'They handled it just fine' - Doctors separate 13-month-old conjoined twin girls

Doctors in Houston have successfully separated twin toddlers who were born in 2016 conjoined at the chest and abdomen.

A spokeswoman at Texas Children's Hospital says 13-month-old Anna and Hope Richards were in good condition after the procedure yesterday. 

Lindsey Fox says separation surgery was done on January 13 and announced on Tuesday.

Fox says the twin sisters join two brothers and their parents, Jill and Michael Richards of North Texas. 

Fox declined to provide more specifics about the family as the parents focus on their daughters' recovery.

Officials say a routine ultrasound revealed the girls were conjoined. 

The twins were born premature, at just over 35 weeks, on December 29, 2016, at Texas Children's Pavilion for Women. Their combined weight was nine pounds, 12 ounces (4.4kg).

"These are the kind of procedures you plan for the worst and hope for the best and we're blessed that this is the best case scenario," said Dr Oluyinka Olutoye of Texas Children's Hospital in an interview. 

"These Conjoined twins are what are called thoraco-omphalopagus twins which is just really a fancy way of saying that they were joined in the thorax and the chest and in the upper abdominal region," he explained.

"Well my hope is that this girls will grow up to have healthy lives and live nice productive lives and that they would grow up to be twin sisters, like nobody would ever be able to tell what the initial part of their life was unless they decide to tell others what it is."

Another doctor from the surgery team spoke to emotional family members of the twins after their operation.

"The hearts are separate and there they were doing fine. They're like their blood pressure didn't change. They handled it just fine," the doctor said. 

Olympic diver Tom Daley expecting baby with husband Dustin Lance Black

British diver Tom Daley's having a baby.

The diving world champion and Olympic bronze medallist showed off his ultrasound photo on social media with his husband Dustan Lance Black.

The 23-year-old athlete married Black last year.

British Olympic diver Tom Daley. Source: Bang Showbiz

The happy couple posted the photo with the caption "Happy Valentines Day".

Daley's set to compete for England at April's Commonwealth Games on the Gold Coast.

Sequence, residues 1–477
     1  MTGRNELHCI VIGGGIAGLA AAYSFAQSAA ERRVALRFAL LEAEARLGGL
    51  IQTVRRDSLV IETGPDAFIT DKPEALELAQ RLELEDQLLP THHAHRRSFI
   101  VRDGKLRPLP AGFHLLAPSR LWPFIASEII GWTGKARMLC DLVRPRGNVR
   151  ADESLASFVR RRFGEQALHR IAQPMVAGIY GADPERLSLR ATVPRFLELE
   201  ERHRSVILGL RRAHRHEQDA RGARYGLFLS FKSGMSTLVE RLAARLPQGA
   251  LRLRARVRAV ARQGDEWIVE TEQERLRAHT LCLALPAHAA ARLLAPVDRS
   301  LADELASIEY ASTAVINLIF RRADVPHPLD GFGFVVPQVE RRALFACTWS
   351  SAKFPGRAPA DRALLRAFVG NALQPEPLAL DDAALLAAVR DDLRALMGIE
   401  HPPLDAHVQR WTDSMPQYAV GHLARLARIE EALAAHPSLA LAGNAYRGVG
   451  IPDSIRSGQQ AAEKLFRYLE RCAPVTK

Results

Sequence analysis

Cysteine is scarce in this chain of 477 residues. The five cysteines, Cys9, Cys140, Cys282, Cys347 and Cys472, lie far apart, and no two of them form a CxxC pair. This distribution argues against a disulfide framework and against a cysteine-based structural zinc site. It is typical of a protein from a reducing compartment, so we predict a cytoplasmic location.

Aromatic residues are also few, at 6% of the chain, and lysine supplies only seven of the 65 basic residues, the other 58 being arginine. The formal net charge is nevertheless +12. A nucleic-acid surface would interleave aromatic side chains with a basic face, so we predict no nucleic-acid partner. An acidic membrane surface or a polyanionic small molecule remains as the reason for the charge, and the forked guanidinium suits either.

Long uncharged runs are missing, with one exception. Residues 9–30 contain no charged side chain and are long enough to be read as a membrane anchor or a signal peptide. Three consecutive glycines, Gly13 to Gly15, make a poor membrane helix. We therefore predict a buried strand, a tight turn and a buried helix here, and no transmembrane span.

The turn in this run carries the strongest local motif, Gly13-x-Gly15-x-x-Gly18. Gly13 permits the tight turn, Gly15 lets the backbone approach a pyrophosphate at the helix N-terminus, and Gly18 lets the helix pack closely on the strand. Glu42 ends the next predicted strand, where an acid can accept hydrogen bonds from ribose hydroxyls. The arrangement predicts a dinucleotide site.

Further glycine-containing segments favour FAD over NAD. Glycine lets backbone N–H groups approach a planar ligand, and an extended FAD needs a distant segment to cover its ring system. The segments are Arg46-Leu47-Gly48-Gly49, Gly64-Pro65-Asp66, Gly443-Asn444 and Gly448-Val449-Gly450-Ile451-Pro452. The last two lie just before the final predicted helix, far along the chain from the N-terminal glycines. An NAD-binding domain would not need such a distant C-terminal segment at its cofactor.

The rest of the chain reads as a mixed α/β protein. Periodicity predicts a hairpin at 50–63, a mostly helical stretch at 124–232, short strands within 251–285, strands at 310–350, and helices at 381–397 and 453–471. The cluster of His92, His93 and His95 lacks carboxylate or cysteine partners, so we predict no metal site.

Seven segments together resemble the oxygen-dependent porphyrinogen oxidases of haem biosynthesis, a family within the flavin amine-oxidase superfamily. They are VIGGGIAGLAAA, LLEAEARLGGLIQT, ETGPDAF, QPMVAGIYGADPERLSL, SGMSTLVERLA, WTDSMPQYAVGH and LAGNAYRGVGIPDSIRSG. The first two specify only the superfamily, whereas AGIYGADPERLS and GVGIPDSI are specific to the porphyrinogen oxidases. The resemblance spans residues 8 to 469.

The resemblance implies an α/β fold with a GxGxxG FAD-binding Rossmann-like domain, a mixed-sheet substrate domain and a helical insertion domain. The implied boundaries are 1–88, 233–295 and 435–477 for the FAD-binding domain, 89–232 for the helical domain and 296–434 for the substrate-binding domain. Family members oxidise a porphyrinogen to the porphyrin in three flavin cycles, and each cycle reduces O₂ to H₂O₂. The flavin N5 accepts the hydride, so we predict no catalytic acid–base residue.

He won his Olympic bronze medal at home at the London 2012 Games.



Where will Cyclone Gita hit NZ? '(That's) the million dollar question', says MetService

As Cyclone Gita was this morning upgraded to a mammoth Category 5 storm, New Zealand meteorologists are describing its possible course towards our shores as an unknowable "million dollar question".

Fiji's Meteorological service have Gita with winds of 203 kph, and moving westward slowly towards New Caledonia and Vanuatu for the next two days.

MetService meteorologist Georgina Griffiths says Cyclone Gita will remain in the tropics until the weekend, and which point it will track south.

Check the forecast in your region on the 1 NEWS NOW weather page 

But whether it will be towards New Zealand is really impossible to tell at this stage.

"There's still a number of reasonable tracks the system could take as it starts to move out of the tropics late in the weekend," Ms Griffiths says.

"Some of those track more towards the South Island, some towards central New Zealand, some towards Taranaki, New Plymouth area.

"Basically trying to estimate where that system will go once it starts to move out of the tropics is like betting on a game that you don't know the rules."

Ms Griffiths says once it leaves the tropics on the weekend it will no longer be classified as a tropical cyclone, but it is expected to still be an "intense" system.

"As soon as it comes under some wind share in the Tasman, it's going to lose some of it's tropical cyclone characteristics, so it's going to become a different beast," she says.

"The models keep it being an intense system. The warm seas around New Zealand are to play a part, we have very warm Tasman sea at the moment which either way, wherever it goes, it looks pretty intense."

MetService will take control of tracking and grading Cyclone Gita once it leaves the tropics, and Ms Griffiths says they should have a better idea on it's direction sometime tomorrow.

If it were to hit New Zealand it could bring heavy wind and rain, swells and storm surges early next week.

"The million dollar question is where," Ms Griffiths says.

"It's going to make a great deal of difference where it tracks to which, if any, of New Zealand gets affected and we just can't say at this stage.

"We can't determine with any degree of confidence."

Even if the system doesn't directly hit New Zealand it is likely to increase humidity levels as it interacts with the unusually warm seas off our shores.

Jane Foster said Oxfam is still waiting for contact to be re-established with two of Fiji's southern Lau islands, after the edge of Gita brushed them yesterday. Source: Breakfast